Configuring IIS6 to host your Intranet, Extranet
or Web Site (Windows Server 2003)
About Microsoft Internet Information Services 6.:
Internet Information Services 6 (IIS6) was the version
of Microsoft's web server bundled with Windows Server 2003.
IIS6 enabled the deployment any number of web-based
Intranets, Extranets or Web Sites.
IIS6 is no longer current. For further information visit http://www.iis.net/.
IIS6 on Windows Server 2003:
If using the new style Start menu: Click on "Start",
"Control Panel", "Add or Remove Programs"
and select the "Add/Remove Windows Components"
tab on the left-hand side.
If using the "Classic" style Start menu: Click
on "Start", "Settings", "Control
Panel", "Add or Remove Programs" and
select the "Add/Remove Windows Components"
tab on the left-hand side.
In the "Windows Components Wizard", highlight
the "Application Server" and press the "Details"
button. The screen below will be displayed (Fig 1).
Figure 1 - The Application Server Screen
First, check "Application Server
Console" and "ASP.NET", then highlight
the "Internet Information Services (IIS)"
option and press "Details" (as shown in
Fig 1 above).
Figure 2 - The Internet Information Services
On the next screen (Fig 2 above) we highlight
"World Wide Web Services" and press the
"Details" button to bring us onto the last
Figure 3 - The World Wide Web Service Screen
I make extensive use of ASP files in my
Intranet, so I need to select the "Active Server
Pages" option (shown in Fig 3 above). At this
point, you may wish to check through the other options
available in the list and select them if they apply
to your site. Don't worry if you are unsure, you can
always change these options later.
Click "OK" to close each window
and "Next" to install the newly-selected
components. You will be asked to insert your Windows
Server 2003 disk. Click "Finish" once the
installation is complete.
You have now installed Internet Information
Figure 4 - Where to find the IIS Manager
2. Where to find the IIS Manager:
If you are using the new style Start menu, you can reach
the Internet Information Services console by clicking
"Start", "Administrative Tools"
and selecting "Internet Information Services (IIS)
Manager" from the list in figure 4 above.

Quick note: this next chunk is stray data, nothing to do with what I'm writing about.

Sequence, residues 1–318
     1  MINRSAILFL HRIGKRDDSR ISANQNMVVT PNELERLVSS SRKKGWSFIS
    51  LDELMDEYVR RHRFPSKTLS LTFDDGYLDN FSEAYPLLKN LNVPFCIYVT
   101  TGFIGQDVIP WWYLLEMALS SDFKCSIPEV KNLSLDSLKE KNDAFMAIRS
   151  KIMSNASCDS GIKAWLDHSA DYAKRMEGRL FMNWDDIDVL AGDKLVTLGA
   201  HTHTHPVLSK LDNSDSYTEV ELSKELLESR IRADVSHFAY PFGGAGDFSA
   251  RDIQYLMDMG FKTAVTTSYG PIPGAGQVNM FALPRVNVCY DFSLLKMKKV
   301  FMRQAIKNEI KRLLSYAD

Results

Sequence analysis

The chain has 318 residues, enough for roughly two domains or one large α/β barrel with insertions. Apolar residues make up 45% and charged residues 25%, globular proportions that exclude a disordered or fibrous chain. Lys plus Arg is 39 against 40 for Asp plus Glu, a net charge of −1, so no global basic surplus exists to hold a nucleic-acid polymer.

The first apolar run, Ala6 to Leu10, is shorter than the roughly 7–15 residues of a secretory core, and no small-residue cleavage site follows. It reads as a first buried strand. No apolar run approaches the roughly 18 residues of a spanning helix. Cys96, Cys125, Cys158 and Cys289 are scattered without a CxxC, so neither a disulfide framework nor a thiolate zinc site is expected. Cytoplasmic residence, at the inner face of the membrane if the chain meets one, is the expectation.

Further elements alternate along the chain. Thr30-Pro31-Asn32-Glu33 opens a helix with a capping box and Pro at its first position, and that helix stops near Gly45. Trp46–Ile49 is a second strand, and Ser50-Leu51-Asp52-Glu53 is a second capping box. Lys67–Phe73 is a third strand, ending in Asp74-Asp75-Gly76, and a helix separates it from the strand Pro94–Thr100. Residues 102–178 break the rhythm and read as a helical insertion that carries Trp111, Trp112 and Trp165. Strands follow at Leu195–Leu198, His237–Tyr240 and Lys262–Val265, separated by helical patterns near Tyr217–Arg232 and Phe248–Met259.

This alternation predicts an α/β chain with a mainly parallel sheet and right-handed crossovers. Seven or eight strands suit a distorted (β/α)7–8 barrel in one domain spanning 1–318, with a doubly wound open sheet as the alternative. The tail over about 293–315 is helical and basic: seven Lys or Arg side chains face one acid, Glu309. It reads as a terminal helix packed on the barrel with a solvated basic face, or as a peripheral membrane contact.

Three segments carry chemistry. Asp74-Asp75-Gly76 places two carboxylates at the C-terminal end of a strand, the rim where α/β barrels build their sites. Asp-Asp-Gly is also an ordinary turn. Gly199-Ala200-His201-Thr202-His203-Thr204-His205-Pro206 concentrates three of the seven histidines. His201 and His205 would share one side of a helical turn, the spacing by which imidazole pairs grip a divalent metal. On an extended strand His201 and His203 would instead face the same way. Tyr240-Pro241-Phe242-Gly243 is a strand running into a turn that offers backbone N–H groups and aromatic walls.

If you are using the "Classic" style Start
Menu, you can reach the console by clicking "Start",
"Programs", "Administrative Tools"
and select "Internet Information Services (IIS)
Manager" from the list in figure 4 above.
Figure 5 - Internet Information Services (IIS)
3. Internet Information Services (IIS) Manager:
IIS5 users will notice two new additions to the IIS
Manager. The First is the "Web Service Extensions"
screen which provides control over which file extensions
should be allowed or blocked. The second is the "Application
Pools" screen which allows applications to run
in isolated memory "Pools" meaning that
if one application has problems, others are not affected.
Figure 6 - Creating a New Web Site in IIS 6
4. Creating a New Site in IIS 6:
The first task is to disable the "Default Web
Site". To do this, select the "Web Sites"
item in the left-hand pane then right-click on the "Default
Web Site" item in the right-hand pane and select
"Stop" from the list. The Default Web Site
is now stopped.
Next, we need to create a new site to host our web
content. To do this, right-click on "Web Sites"
in the left-hand pane and select "New" and
"Web Site…" as shown above in figure
When the "Welcome to the Web Site creation Wizard"
screen appears, click next.
Figure 7 - Name your Site
5. Name your Site:
Simply enter in a name for your site in the box and
press "Next" as shown in Figure 7 above. This
name is for reference only and should help you locate
your site in IIS Manager.